Jim: We all have different learning styles. Personally, I become distracted by email, staff or other things when I’m attending webinars. So for me, in-person training is significantly more useful, and CoSA finds there is tremendous benefit to the networking, sharing and sometimes commiserating over challenges and opportunities involved with e-records training.
When addressing complex topics like digital preservation, it’s better to focus on it, rather than trying to learn remotely at a slow pace. SERI’s preference was to follow the Institutes with webinars to look more deeply at specific tasks or topics once the institutes were completed, which allowed for in-depth training in areas where the group may have needed additional assistance or more detail. The webinars have provided information on various topics, and have provided an opportunity for colleagues to share successes and concerns.
Barrie: You wear many hats, as you also sit on the coordinating committee of the National Digital Stewardship Alliance in addition to your above-mentioned credentials. Given your knowledge and experience, what’s missing from digital preservation education and training today?
Jim: The three biggest challenges facing digital preservation, and specifically education, are resources, awareness and leadership. It’s evident the field lacks the resources to educate, develop, research and implement digital preservation programs. It sometime appears we are challenged as a field with an inability to simply and clearly articulate the opportunities and threats to the national digital memory faced by a lack of training and infrastructure. While some efforts are being made around governance, this is an area ripe for a much broader conversation and engagement by our colleagues in digital preservation.
As far as leadership, the nation has been fortunate to have had the guidance of Laura Campbell and her team at the Library of Congress. As NDSA has matured and the Library of Congress has redefined its mission, NDSA is looking for a new host institution and I suspect that NDSA will take the opportunity to review its mission. Perhaps another respected federal institution could take on the role the Library of Congress had provided as the convener and central hub for digital preservation; but it seems to me a centralized resource provider with broad community input, much like NDSA with its academic, corporate, government and non-profit members would be a good partner and leader.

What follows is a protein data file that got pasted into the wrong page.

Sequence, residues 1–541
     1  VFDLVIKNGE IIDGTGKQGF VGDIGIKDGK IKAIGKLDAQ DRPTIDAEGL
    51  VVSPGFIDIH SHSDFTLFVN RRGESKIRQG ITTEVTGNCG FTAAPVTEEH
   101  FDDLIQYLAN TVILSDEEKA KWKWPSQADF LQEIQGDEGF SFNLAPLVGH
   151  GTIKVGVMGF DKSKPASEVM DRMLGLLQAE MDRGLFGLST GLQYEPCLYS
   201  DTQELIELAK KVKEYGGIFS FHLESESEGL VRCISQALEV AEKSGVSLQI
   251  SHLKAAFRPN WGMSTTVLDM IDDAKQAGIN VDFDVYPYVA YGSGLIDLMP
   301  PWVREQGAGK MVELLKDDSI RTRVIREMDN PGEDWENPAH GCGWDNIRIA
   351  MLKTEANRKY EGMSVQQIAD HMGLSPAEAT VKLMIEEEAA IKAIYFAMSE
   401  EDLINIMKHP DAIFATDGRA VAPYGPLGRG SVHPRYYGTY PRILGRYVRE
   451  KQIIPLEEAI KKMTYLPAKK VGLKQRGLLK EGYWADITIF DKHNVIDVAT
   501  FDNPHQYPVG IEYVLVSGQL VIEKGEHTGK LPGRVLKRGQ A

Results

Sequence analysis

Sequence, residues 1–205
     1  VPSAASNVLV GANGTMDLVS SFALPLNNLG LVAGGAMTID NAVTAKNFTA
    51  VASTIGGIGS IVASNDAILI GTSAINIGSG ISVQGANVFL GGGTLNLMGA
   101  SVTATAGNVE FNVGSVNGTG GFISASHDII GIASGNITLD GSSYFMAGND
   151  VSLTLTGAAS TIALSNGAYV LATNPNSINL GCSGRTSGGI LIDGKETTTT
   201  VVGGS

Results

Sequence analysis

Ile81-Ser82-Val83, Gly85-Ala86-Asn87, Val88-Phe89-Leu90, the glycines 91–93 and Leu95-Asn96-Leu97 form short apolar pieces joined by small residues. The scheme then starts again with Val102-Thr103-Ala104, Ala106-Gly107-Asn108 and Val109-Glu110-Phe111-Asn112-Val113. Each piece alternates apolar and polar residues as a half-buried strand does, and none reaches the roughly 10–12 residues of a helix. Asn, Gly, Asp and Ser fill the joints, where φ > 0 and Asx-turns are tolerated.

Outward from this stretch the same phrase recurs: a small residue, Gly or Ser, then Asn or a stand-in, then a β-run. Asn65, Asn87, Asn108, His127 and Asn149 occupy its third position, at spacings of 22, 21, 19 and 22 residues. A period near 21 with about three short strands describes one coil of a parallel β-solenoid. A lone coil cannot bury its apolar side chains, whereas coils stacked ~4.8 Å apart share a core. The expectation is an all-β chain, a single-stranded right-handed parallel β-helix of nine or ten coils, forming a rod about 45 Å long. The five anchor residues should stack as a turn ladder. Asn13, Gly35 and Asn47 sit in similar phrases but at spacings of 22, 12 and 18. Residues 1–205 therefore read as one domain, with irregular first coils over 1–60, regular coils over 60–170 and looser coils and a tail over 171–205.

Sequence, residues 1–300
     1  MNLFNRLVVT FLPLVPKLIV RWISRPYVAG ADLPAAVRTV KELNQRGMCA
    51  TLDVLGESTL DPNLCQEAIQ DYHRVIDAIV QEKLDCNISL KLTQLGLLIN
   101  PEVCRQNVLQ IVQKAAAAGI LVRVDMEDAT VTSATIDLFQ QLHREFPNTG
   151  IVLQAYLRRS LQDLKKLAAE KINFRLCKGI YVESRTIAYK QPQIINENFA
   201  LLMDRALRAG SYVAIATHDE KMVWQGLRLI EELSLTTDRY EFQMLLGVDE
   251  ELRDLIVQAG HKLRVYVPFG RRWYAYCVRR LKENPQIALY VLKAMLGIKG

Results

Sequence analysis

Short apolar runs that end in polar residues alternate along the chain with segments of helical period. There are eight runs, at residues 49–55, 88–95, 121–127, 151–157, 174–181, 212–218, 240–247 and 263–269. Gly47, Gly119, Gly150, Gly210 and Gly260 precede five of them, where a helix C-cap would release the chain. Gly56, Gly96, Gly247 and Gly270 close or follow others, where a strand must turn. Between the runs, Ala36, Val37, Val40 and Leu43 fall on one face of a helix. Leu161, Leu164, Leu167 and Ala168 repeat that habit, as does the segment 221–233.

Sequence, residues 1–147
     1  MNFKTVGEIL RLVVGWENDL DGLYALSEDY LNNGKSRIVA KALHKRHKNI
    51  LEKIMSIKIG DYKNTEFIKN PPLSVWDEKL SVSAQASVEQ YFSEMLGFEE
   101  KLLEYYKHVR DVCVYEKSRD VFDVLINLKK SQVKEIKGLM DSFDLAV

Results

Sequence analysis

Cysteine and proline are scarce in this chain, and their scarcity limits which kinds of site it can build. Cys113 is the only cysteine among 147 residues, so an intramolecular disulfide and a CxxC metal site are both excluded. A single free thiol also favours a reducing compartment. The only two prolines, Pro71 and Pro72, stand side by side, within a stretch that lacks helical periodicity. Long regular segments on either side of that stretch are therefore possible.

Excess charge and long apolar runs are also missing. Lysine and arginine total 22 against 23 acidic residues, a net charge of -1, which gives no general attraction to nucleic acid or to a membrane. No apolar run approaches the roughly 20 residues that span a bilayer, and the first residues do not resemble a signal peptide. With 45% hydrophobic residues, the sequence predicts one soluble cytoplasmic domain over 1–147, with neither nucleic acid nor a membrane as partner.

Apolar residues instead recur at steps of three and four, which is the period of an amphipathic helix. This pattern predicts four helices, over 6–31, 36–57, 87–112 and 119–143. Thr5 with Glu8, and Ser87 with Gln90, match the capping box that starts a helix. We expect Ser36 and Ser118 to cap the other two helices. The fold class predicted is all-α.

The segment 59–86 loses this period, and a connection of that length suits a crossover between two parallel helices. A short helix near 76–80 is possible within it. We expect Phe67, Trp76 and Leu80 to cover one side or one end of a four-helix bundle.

Barrie: Any advice on developing a skillset for managing digital content you’d like to share with aspiring digital archivists and electronic records managers?
Jim: Four things come to mind when hiring an electronic records employee: 1) technical competence; 2) innovation; 3) flexibility and adaptability; 4) articulate communication skills. Competence stands on its own merits. As for the others–in a resource-poor arena–innovation and flexibility are key factors in success. How can I implement or fix “X” within the existing infrastructure, and how can I make things more efficient and easier?
But perhaps one of the most important factors is written and verbal communication. In a complex field with a technical vocabulary, it is essential to be able to accurately and clearly describe the issues at hand. You will work with IT professionals who for instance will have different definitions from our field for the same words, like “archive.” As you work with administrators, the public and IT staff you will eliminate much difficulty if you can quickly grasp the disconnects and articulate the opportunities at hand. In a developing field, grant writing, presentations and clarity are all going to play a factor in a program’s success. I look forward to the new employees joining the field making significant progress in digital preservation, and to continue the success in preserving the nation’s digital memory.